I remember being at Walmart one evening and a little girl was asking her mom for the latest in toy. The mom was telling her it was too close to Christmas and perhaps Santa would bring it. The little girl was very persistent and next to crying and the poor addled mom was about to lose it, all while I was looking at the shelves filled with toys and couldn’t see a single item to buy my little guy.

I was heartbroken. I would have done anything for him to ask for just one toy.

I did not know at the time that I just needed to be patient.

I needed to give this little boy time to gain those communication skills. 

For the first time at the age of nine, Tyson asked for items last Christmas.

And he quickly became a pro at asking different people for different items and reminding them at each visit of the specific book/DVD/figurine he had requested.

The only acceptable answer was yes, I will get you that for you for Christmas.

It’s incredible the simple joy of having a nonverbal child being able to express what they want for Christmas. And I feel it brought excitement and joy to our entire family.

I know there are some parents out there that may be experiencing what we went through for many years.

I know it’s hard.

And stressful. I know Christmas is not about presents, but when you have nothing to put under the tree, it’s stressful!!

I felt sad and guilty for feeling sad for many Christmases. 

Don’t get me wrong, we had many great moments throughout the Christmas season.

But there is no easy fix to longing for something that at this moment you just don’t have. 

Sometimes you just need to sit with your feelings and feel all the feelings.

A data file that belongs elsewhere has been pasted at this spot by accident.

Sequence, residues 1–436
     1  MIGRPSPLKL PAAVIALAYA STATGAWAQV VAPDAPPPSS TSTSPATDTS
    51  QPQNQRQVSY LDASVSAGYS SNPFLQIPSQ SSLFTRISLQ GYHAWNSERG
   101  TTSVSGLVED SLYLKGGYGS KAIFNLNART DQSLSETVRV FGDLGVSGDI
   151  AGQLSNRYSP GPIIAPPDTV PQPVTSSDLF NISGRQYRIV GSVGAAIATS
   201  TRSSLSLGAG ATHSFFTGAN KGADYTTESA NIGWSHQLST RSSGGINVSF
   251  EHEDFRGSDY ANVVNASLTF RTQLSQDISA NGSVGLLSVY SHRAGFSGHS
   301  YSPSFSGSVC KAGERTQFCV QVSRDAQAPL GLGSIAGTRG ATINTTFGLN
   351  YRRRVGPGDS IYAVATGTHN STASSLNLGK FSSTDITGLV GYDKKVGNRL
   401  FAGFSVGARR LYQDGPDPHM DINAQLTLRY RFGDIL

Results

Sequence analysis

It’s oddly ironic for the most wonderful time of the year, it is also the time when feelings of grief, sadness, and loneliness are most strongly felt.

What I can tell you is that no matter your family situation, there are always moments of joy to be found.

Surprisingly, this year Tyson is once again not asking for anything for Christmas.

I don’t believe for one minute this ten-year-old has everything his heart desires. What ten-year-old kid does?

Tyson has struggled with his communication over the past four to six months. He doesn’t use his communication iPad as often as he did and when he does communicate, he is spelling he requests using one or two letters, expecting us to know/guess what the word is.

I’m not sure if he is being a little lazy or developing his own shorthand language like teens when they text – idk, brb, lol.

But for some reason, his lack of asking for things for Christmas is sitting okay with me this year. I’m not sure if it’s because I haven’t had my normal stress-induced Christmas meltdown yet or by knowing his long Christmas list from last year has sparked ideas for what to get him this year.

Either way I am content knowing no matter what, spending Christmas with this crazy little family will bring me joy.